So Belsey undertakes a reading of Shakespeare’s plays alongside a study of the discrepancies in Genesis itself. Chapter II focuses on two comedies (Love’s labour’s Lost and As You Like It) and on Genesis (especially, Adam’s naming of the animals). With numerous references to contemporary sermons and an analysis of the woodcuts illustrating that episode in the early editions of the Bishop’s Bible, she investigates the structural paradox of Adam’s deficiency: at the heart of God’s creation lies not plenitude but void, a lack of something. It is not good for Adam to be alone, so there must have been a lack in Paradise before the Fall, a gap which the creation of Eve would fill. The problem of Adam’s deficiency had troubled several generations of clerics eager to explain to the laity why the Reformation valued married love so highly, whereas medieval romance had tended to locate sexual desire outside marriage. The project of the Reformers was to extol desire as divinely endorsed, and marriage as the gift of God to further creation. Married love then becomes the basis of civil society. All the same Shakespeare’s comedies set romantic love leading to marriage at the centre of the action; Shakespeare is thereby the first to put romantic courtship on the popular stage for the first time. In the comedies many characters appear quite sceptical about the newly forged ideal of marital union, venting their deep-seated anxieties through bawdy wordplay and threatening its newly sacred character with sexual innuendoes. Early modern culture, which embraced marriage as the divinely endorsed remedy for desire, and family as the source of civil society, also recognized passion as potentially dangerous and destructive. So that, although in Shakespeare’s comedies marriages are equated with happy endings, married love is shown to give way to murderous jealousy, and sibling rivalry leads to violence and death.

Radically heterogeneous in itself, the biblical account invoked by the Reformers to authorize the new ideal of the loving family also exposes deep misgivings about conjugal and sibling relationships; these misgivings are foregrounded in Cymbeline and The Winter’s Tale as Belsey’s analysis successively shows.

Chapter V is even more convincing. Belsey’s readings of the visual art and artefacts are sensible and almost always illuminating, especially in her use of images of the Dance of Death to chart the liminal terrain that Hamlet inhabits. She draws a parallel between Hamlet and the first murder: the fratricide which inaugurates the plot of the play explicitly echoes Cain’s crime and propels the next generation into a Dance Macabre which recalls the sequential violence chronicled in the remainder of the Old Testament. Analysing how the Fall was represented in woodcuts of the period and the conventional visual sequence of events she draws a link between the Expulsion and the first murder. The first family is seen to be the location of the first murder, and the murder takes place within the family unit as a result of sibling rivalry. The story duplicates that of fathers risking their sons’ lives and souls in the name of filial love.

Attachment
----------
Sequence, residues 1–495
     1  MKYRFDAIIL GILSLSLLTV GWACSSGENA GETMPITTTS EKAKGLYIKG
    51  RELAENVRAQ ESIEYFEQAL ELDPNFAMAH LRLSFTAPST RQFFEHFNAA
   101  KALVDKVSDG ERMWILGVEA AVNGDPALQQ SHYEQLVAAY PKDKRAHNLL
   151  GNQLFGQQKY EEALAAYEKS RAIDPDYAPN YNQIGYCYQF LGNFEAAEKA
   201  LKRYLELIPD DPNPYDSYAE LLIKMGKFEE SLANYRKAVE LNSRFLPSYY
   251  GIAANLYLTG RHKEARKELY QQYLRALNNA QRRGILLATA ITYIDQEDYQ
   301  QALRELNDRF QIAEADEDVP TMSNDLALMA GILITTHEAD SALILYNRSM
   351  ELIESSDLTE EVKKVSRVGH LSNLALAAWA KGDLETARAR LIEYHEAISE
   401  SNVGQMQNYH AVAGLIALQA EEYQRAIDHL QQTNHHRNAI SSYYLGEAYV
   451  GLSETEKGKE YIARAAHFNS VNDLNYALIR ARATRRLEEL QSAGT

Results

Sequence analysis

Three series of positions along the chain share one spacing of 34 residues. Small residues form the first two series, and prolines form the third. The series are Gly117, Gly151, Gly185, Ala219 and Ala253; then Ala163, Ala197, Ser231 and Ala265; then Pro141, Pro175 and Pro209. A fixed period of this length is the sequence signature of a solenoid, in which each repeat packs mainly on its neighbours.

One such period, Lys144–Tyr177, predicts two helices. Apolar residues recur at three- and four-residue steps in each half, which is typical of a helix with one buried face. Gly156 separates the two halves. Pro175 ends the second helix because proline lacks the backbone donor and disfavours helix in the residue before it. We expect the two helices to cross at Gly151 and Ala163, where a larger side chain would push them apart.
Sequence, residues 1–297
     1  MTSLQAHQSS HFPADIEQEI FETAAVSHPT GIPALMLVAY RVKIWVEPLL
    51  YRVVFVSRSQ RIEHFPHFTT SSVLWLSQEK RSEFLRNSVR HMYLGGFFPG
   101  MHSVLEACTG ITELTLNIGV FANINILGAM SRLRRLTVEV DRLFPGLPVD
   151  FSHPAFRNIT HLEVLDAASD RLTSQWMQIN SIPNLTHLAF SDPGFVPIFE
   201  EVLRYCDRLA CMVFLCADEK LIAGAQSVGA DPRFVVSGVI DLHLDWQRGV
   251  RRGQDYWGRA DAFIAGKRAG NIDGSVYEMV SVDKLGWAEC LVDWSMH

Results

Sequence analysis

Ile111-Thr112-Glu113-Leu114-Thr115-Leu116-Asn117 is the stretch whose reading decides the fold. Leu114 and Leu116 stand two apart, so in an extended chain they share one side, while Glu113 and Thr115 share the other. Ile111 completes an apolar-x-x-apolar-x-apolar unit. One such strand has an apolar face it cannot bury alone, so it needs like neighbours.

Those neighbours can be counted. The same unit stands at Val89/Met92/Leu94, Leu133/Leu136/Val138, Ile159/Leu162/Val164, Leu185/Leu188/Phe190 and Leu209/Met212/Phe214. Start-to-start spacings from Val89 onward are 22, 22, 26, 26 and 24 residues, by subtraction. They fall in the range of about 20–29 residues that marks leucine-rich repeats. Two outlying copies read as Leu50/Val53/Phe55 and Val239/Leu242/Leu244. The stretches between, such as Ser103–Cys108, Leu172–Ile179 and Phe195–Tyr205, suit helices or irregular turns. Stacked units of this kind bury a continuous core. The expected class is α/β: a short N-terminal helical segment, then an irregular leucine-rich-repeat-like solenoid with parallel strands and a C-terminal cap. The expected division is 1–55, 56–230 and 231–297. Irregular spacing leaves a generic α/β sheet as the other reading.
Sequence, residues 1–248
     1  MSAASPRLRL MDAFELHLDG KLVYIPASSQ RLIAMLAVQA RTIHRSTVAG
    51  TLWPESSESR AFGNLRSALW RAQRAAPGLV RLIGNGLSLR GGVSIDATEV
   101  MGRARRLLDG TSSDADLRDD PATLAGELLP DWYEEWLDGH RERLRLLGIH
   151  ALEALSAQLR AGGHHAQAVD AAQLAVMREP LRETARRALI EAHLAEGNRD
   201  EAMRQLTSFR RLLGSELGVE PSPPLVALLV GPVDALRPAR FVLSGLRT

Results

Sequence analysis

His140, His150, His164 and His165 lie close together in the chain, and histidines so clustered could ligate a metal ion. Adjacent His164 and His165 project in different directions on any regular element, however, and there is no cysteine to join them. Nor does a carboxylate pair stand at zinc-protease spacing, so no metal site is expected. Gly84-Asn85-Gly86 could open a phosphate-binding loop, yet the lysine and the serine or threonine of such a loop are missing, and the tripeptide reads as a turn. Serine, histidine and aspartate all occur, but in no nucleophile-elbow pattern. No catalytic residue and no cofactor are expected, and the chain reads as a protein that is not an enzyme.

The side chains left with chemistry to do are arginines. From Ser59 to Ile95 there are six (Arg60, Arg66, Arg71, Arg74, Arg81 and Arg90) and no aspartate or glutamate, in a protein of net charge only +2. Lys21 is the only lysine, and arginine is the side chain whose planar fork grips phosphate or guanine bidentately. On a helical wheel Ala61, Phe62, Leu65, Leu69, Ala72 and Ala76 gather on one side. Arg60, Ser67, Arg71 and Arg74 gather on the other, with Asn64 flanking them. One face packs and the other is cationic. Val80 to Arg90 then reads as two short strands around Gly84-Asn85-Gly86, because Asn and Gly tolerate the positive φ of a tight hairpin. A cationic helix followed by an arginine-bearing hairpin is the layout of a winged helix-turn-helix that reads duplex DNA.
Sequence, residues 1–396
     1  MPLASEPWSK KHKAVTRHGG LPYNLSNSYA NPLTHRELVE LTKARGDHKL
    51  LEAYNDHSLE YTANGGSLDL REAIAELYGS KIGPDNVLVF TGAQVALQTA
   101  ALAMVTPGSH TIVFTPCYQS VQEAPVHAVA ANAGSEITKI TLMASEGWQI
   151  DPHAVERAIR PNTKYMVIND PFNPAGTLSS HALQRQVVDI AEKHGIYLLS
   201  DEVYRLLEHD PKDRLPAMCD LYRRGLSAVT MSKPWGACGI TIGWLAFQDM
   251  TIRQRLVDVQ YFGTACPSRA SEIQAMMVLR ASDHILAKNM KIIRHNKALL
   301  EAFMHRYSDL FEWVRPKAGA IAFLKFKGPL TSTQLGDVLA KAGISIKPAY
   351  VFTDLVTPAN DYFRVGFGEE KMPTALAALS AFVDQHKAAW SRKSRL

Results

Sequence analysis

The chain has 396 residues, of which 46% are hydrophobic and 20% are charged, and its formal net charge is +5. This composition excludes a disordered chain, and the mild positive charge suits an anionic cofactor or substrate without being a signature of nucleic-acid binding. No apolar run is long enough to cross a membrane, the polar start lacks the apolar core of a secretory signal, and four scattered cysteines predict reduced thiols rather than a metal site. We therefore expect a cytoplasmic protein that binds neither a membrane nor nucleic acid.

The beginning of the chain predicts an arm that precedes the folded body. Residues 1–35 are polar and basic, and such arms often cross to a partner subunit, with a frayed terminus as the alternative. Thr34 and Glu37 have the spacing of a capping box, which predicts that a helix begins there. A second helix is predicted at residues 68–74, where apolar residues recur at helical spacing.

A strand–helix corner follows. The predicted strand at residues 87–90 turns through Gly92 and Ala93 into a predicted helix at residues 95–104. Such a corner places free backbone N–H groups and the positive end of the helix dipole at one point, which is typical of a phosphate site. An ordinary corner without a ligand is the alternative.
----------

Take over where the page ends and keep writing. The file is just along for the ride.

Her reading of Hamlet is much more satisfying than the traditional psychological reading of Hamlet as suicidal. Yet, however perspicacious her analysis of Hamlet along biblical lines (to wit, the Ghost’s appeal to Hamlet in the name of filial love as example of the deep-seated anxieties at the heart of family values), the link she draws between Hamlet, the Dance Macabre as topos in traditional iconography and Freud’s ‘fort-da’ theory seems somehow slightly far-fetched.

Richly illustrated and written with great perception and wit, Catherine Belsey’s latest book is a lively, provocative and thought-provoking one for readers interested in state-of-the-art theoretical literary criticism. It might prove an arduous read for students, yet it might stop some gaps in their perfunctory knowledge of the Bible. They might be willing to skip the first chapter entirely devoted to the theoretical grounding of her study, even though it summarizes the recent theoretical debates among Shakespearean scholars and provides a necessary introductory explanation of her position. Some of her arguments could be turned against her: while she advocates a close reading of a text, her insightful reading is not quite as close to the text as a French ‘explication de texte’.

She has reservations about gender or post-colonial readings because they tend to reintroduce thematic readings, yet her reading of the discrepancies in Genesis could be interpreted in the same way. The very construction of the book does not belie the thematic reading the title implicitly suggested: the book rests on an a thematic organization of chapters around a series of topics – desire, marriage, parenthood and sibling rivalry – successively analysed in Love’s Labour’s Lost, As You Like It, The Winter’s Tale and Hamlet.

Catherine Belsey’s latest book is witty and provocative, as well as disconcerting and intriguing... and therefore of great interest.